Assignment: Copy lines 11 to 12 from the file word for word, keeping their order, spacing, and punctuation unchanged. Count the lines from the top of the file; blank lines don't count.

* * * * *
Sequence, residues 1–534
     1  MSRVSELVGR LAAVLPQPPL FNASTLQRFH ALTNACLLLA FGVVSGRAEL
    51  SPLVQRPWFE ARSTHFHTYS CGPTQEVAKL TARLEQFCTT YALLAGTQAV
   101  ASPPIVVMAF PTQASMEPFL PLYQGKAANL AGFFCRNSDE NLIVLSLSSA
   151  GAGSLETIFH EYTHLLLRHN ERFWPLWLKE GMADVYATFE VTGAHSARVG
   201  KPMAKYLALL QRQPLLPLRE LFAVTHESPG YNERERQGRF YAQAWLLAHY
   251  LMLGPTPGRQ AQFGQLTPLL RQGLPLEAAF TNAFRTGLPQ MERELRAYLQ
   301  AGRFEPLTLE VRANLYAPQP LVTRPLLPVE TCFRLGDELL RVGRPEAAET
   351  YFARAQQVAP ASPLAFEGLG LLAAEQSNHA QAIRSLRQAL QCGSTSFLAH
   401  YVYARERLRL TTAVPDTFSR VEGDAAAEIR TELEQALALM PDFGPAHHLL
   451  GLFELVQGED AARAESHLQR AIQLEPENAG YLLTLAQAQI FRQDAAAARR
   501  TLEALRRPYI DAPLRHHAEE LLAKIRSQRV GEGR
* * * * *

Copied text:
   451  GLFELVQGED AARAESHLQR AIQLEPENAG YLLTLAQAQI FRQDAAAARR
   501  TLEALRRPYI DAPLRHHAEE LLAKIRSQRV GEGR